These Crustaceans Pollinate Seaweed , It’s the first known case of an animal helping algae reproduce, and could suggest that pollination first evolved in the world’s ancient oceans.
Move over birds and bees, there is another pollinator on planet Earth, and it lives in the sea. In a study, published Thursday in the journal Science, scientists found that a tiny crustacean, Idotea balthica, played the role of pollinator for a species of seaweed. They do this by inadvertently collecting the algae’s sticky spermatia, its equivalent of pollen, on their bodies and sprinkling it around as they move from frond to frond in search of food and shelter. This is the first time an animal has been observed fertilizing an algae. This discovery not only extends the scope of species that use this reproductive strategy, it also raises questions about whether it first evolved on land or in the sea.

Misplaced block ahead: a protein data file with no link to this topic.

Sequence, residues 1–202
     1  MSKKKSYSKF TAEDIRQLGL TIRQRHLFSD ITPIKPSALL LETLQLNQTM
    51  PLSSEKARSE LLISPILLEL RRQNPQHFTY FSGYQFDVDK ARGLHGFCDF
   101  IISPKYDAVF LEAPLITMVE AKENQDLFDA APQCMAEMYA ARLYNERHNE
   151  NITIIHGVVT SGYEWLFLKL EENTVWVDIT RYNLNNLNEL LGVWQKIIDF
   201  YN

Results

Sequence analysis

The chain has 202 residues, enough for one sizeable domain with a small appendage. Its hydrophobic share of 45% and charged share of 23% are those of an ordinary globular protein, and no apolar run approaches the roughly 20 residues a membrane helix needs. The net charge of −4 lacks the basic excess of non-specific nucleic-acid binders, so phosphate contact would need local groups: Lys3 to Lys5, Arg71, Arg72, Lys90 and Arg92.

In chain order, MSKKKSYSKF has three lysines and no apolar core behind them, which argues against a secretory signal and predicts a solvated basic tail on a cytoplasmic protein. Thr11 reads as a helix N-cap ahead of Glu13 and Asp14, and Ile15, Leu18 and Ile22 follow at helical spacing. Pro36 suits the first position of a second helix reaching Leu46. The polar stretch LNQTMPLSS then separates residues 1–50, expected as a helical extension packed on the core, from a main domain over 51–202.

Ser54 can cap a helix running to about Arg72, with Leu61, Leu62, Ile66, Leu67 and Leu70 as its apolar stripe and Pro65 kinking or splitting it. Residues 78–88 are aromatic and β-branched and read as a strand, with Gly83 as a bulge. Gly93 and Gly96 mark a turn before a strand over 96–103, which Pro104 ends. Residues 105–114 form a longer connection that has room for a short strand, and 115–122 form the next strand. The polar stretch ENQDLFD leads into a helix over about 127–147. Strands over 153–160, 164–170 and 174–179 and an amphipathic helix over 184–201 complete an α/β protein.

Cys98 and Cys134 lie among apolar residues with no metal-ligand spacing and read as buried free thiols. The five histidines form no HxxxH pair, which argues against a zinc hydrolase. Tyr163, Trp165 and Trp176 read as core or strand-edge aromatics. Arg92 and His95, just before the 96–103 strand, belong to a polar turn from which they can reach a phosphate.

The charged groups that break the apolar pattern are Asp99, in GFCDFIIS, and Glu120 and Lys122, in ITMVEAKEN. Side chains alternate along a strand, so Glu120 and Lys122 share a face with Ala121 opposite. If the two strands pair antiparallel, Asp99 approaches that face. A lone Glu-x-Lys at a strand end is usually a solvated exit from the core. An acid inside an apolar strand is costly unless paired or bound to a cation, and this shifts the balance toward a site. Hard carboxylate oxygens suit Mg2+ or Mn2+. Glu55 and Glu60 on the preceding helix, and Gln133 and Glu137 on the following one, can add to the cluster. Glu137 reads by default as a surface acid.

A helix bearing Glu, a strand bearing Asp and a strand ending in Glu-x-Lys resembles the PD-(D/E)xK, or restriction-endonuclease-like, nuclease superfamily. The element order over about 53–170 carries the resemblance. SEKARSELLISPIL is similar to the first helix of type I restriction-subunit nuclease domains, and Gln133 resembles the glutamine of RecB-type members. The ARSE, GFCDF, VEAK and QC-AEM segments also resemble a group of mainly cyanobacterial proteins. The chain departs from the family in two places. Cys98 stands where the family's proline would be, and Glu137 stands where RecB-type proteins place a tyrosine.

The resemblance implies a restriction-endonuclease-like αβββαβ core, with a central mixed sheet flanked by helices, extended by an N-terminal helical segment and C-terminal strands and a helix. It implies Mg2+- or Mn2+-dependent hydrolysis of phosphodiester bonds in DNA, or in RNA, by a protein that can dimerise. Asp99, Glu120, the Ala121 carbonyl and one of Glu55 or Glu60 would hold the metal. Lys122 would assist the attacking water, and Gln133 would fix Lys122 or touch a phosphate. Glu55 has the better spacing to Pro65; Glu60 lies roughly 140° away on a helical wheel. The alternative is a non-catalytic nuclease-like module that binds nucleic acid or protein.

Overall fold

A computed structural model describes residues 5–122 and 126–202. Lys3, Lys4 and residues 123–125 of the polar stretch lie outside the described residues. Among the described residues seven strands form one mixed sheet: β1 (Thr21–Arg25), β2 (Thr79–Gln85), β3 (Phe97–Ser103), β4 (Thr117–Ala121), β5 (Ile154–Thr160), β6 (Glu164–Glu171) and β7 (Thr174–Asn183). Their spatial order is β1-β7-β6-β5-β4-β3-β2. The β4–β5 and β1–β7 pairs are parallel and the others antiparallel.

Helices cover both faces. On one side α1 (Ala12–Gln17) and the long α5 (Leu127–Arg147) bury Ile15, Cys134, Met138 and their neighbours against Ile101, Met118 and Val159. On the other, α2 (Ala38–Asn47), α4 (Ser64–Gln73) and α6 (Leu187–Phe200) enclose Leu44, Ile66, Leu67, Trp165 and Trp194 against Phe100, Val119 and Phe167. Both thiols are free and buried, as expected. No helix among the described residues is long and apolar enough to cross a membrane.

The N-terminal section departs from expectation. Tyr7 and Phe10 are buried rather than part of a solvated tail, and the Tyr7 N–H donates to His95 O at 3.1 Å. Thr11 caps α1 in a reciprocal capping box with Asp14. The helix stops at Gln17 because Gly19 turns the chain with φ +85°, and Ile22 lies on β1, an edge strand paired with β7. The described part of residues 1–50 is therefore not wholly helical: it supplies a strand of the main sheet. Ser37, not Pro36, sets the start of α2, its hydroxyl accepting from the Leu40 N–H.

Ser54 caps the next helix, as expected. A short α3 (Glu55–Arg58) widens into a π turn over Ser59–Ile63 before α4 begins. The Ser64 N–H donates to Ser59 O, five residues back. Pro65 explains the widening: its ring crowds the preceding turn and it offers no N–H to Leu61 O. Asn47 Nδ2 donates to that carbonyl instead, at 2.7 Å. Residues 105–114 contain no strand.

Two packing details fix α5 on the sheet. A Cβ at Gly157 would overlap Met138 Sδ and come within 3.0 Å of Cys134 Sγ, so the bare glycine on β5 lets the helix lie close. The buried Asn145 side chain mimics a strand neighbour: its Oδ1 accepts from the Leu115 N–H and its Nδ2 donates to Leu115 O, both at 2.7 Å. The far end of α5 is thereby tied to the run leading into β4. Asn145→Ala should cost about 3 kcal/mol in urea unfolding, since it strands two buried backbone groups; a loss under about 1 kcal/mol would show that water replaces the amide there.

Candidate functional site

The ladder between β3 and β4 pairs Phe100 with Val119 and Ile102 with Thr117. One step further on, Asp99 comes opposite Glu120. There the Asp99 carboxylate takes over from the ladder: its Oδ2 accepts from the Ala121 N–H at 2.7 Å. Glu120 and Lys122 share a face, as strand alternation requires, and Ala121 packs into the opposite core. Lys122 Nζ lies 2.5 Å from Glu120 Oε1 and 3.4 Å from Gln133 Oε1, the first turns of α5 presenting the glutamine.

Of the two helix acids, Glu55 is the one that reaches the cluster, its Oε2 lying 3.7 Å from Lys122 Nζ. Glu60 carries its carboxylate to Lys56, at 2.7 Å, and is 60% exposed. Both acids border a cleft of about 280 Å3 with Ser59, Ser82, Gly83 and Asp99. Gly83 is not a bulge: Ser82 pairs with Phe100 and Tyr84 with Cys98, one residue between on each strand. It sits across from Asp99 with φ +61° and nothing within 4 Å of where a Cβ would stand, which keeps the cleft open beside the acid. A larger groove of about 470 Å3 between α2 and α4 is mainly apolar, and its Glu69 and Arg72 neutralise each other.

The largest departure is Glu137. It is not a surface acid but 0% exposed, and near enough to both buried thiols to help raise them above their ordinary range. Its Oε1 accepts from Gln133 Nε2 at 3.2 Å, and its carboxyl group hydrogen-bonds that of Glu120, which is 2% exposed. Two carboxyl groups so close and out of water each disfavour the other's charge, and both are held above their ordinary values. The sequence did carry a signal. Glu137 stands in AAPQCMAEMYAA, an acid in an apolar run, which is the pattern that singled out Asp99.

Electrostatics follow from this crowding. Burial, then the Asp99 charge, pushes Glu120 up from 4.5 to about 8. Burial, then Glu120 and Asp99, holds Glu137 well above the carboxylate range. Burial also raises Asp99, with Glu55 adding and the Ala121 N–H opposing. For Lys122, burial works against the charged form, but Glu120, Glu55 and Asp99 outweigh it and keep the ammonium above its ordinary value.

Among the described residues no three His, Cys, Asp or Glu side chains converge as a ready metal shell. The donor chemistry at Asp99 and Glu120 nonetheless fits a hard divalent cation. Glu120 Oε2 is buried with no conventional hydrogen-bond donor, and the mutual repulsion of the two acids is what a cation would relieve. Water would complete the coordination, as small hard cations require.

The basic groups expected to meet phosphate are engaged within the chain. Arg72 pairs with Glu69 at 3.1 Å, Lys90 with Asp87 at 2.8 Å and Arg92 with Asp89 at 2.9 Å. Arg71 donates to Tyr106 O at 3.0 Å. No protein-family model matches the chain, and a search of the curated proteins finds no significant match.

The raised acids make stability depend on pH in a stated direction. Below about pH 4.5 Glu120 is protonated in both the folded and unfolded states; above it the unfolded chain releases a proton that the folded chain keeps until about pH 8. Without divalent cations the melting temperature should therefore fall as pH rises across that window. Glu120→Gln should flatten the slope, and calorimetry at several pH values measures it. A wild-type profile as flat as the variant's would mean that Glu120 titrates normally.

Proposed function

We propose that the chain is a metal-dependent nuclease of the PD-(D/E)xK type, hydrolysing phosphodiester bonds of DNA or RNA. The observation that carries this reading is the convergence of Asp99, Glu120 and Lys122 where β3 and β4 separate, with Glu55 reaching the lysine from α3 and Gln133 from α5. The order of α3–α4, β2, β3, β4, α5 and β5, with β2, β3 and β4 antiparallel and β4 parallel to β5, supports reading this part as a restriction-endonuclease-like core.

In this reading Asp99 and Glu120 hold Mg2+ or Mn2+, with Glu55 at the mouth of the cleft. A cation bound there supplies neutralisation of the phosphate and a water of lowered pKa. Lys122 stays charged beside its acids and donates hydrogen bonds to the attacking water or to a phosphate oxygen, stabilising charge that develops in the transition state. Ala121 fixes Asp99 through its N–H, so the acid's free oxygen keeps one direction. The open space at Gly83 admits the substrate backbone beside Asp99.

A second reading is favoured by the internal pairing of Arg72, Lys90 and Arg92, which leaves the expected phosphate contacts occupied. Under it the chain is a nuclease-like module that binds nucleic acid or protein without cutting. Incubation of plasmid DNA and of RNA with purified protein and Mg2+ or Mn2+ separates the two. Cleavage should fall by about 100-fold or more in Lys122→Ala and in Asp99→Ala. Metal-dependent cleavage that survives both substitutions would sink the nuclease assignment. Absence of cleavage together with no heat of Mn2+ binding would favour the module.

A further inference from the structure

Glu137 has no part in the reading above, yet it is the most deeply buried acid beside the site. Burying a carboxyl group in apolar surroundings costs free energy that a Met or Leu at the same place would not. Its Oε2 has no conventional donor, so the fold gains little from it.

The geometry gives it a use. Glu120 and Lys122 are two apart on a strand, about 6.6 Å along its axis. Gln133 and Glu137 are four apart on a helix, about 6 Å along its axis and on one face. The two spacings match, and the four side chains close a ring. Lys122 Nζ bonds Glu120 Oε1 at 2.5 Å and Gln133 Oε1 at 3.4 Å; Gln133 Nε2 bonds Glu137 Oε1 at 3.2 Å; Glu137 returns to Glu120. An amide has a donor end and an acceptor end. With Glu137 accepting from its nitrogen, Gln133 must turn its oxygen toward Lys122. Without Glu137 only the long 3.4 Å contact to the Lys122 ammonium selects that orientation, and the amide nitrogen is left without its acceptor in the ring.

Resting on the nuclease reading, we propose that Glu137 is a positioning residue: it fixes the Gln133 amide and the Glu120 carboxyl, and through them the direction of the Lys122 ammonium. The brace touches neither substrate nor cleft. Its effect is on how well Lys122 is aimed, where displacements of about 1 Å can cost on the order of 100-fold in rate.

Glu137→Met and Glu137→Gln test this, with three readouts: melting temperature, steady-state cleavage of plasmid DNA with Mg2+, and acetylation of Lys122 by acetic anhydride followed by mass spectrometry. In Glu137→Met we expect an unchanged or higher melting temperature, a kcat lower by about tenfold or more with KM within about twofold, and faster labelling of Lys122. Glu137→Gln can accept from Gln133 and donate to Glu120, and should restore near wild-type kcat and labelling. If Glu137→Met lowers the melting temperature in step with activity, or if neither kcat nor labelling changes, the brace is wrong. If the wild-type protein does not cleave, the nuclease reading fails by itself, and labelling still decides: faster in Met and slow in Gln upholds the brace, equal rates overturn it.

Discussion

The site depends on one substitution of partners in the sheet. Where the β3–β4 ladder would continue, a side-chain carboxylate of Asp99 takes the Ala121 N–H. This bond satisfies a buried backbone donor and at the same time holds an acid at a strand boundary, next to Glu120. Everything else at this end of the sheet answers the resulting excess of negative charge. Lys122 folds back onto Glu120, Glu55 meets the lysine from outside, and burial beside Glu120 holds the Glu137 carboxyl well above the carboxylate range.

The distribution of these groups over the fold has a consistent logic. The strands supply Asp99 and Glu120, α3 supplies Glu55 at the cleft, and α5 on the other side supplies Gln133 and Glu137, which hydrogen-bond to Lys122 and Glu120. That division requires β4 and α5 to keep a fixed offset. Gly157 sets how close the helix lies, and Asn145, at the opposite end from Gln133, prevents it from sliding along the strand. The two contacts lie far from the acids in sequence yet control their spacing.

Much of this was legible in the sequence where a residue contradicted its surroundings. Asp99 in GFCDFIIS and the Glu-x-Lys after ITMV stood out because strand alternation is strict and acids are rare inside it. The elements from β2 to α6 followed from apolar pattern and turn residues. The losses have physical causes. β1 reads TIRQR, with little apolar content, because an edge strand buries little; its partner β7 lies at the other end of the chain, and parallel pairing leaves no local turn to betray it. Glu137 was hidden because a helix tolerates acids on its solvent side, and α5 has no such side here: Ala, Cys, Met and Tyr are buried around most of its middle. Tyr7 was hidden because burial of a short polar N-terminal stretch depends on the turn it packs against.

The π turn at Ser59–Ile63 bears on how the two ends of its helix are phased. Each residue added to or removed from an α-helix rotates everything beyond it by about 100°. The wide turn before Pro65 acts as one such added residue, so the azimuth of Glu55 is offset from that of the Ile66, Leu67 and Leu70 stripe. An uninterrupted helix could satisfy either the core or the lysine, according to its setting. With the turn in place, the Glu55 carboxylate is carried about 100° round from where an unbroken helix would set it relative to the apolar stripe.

It was long thought that animals only Pollinate plants on land. However, in 2016 scientists discovered that zooplankton pollinate Thalassia testudinum, a sea grass species found in the Caribbean. Sea grasses are the only flowering plants that grow in marine environments, but they remain closely related to terrestrial plants. Seaweeds on the other hand, while technically plants themselves, are not closely related to terrestrial plants. The discovery that Thalassia testudinum was Pollinate by animals was made after scientists noticed an unusually high density of marine invertebrates visiting sea grass flowers. Shortly after this discovery, Myriam Valero, a population geneticist at Sorbonne University in France, observed something similar happening among the red algae she was studying.
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